What is the Anglican Patrimony which the Ordinariate is to offer to the wider Catholic church? This is a serious question that demands a better answer than has been available thus far. But soon, as the baby Ordinariate begins to find its voice, I think we will see this answer emerging. I also predict it will be more positive than many imagine. Furthermore this answer will be the key to our survival long into the future.
You see it might well be true that jolly good hymn singing, Eastward facing mass, the use of birettas and priest’s wives, etc, etc are all signs which point to an Anglican past. But they are manifestly not, in and of themselves, a unique or distinctive Anglican patrimony. After all one can easily find wonderful hymn singing in diocesan parishes. One can certainly find birettas in the Oratory in Birmingham where, yes, priests also offer mass facing East. And there are even a good number of priest’s wives knocking around due to the many clergy who swam the Tiber solo and pointed the way for us to follow. And if these things are to be found outside of the Ordinariate, which they obviously are, then they can hardly be called definitive Anglican patrimony can they?
So what is our distinct Anglican patrimony? Perhaps the best answer to date is the use of Evensong and the Advent Carol Services that were hosted by Ordinariate clergy this year. For here we can locate actual texts quite different from what is found in the usual Catholic parish. Not much at present given how few bother with Evensong these days, but it is certainly here that we must focus attention. For the constitution of the Ordinariates makes clear that what we are to bring to the table are liturgical texts flowering from our Anglican past and informed by that experience and process.
I think the whole question will be better answered then when the new Ordinariate Rite of Mass is given the green light by the Vatican and finally lands on our shelves. I am told this should happen sooner rather than later given the clear need and this is why we have not pressed ahead with the adoption of the Book of Divine Worship in Saint Anselm’s, as we had anticipated, but are choosing to wait and watch instead.
And that is the right move, I think, because we really do need to adopt something fresh and vital that speaks about our future as Catholics within the new Evangelisation, rather than something merely harking back to a bygone era- to a life we have left and which holds little meaning or value for the cradle Catholic. This is what we must find and market if we are to develop as hoped and offer something genuinely precious to Catholics the world over.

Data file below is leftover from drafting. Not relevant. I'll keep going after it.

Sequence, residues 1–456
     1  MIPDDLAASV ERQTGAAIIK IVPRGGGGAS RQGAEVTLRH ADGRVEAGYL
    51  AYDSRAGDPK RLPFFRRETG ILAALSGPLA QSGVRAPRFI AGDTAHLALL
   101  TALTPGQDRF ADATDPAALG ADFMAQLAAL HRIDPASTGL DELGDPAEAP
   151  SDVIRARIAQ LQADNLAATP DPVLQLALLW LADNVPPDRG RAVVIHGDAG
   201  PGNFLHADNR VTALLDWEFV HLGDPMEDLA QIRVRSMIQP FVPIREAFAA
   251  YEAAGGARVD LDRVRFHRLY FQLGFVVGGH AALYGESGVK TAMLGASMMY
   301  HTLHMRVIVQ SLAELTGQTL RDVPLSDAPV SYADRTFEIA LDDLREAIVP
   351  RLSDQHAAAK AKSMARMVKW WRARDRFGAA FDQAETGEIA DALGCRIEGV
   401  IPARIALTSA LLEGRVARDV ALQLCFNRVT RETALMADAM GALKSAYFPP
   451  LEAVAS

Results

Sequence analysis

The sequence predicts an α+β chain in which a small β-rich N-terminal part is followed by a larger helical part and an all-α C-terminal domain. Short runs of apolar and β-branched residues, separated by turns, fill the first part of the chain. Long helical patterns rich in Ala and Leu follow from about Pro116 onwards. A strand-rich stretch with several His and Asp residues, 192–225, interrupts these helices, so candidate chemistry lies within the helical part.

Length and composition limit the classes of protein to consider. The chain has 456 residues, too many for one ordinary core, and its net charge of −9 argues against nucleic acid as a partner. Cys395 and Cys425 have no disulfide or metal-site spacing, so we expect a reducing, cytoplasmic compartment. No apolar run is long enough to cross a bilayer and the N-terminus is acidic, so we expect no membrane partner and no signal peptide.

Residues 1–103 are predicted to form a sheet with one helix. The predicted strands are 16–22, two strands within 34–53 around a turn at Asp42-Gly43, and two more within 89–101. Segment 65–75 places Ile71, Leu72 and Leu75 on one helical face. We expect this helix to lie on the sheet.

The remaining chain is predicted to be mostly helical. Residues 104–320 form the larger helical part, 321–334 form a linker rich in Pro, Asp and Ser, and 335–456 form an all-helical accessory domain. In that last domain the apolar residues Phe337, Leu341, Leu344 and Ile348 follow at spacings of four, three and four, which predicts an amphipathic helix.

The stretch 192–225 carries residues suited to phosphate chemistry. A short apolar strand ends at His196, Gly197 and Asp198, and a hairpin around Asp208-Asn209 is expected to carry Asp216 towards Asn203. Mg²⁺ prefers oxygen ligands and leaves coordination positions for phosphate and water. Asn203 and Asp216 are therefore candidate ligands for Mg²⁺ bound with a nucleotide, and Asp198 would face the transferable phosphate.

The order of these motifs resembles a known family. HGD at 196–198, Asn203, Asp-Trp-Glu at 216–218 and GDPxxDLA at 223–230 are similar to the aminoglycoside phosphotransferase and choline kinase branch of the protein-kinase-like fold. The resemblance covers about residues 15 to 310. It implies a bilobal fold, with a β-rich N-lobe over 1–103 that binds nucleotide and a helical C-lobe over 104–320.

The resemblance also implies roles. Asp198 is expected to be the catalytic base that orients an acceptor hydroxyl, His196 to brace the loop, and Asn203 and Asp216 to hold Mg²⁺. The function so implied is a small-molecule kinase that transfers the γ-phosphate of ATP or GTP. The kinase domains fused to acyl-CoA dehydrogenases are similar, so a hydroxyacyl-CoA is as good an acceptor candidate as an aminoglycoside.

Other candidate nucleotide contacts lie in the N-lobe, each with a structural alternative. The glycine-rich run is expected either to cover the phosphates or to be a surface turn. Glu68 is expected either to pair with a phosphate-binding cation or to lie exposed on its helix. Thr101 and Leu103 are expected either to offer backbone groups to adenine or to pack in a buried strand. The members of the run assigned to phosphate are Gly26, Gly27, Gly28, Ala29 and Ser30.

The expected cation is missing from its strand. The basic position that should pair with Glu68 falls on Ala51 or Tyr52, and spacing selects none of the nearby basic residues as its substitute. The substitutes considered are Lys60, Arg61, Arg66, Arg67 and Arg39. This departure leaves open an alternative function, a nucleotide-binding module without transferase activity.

The Ordinariate must find a unique and beautiful setting of the Catholic Mass for use within the Ordinariate but obviously open to all. It will draw from Anglican treasures of the past and, here in the UK certainly, will reflect that very British spirituality. The rite of those prayer book folk who were separated from Peter at the time of the Reformation but who are now being called back home.
The key to success will lie not only in the drafting but also in the marketing. None of those who have left the Church of England for Rome want to be taken on a backwards journey and/or made to feel that we never left at all. The need is for something forward looking and very clearly and authoritatively Catholic and fresh. An Anglican patrimony for the 21st Century Catholic whose purpose is to speak to the whole nation in our day.
It is a huge ask and a huge task but I predict the Ordinariate will live or die depending on the outcome. For that reason I am very relieved to hear only good things from those who are involved. Keep watching this space folks for the Ordinariate is just beginning to find its feet and far from being a strange ghetto eeking out a life on the margins it is consistently punching above its weight and is engaging with Catholic life and culture at the centre. The signs are good but do keep praying for us.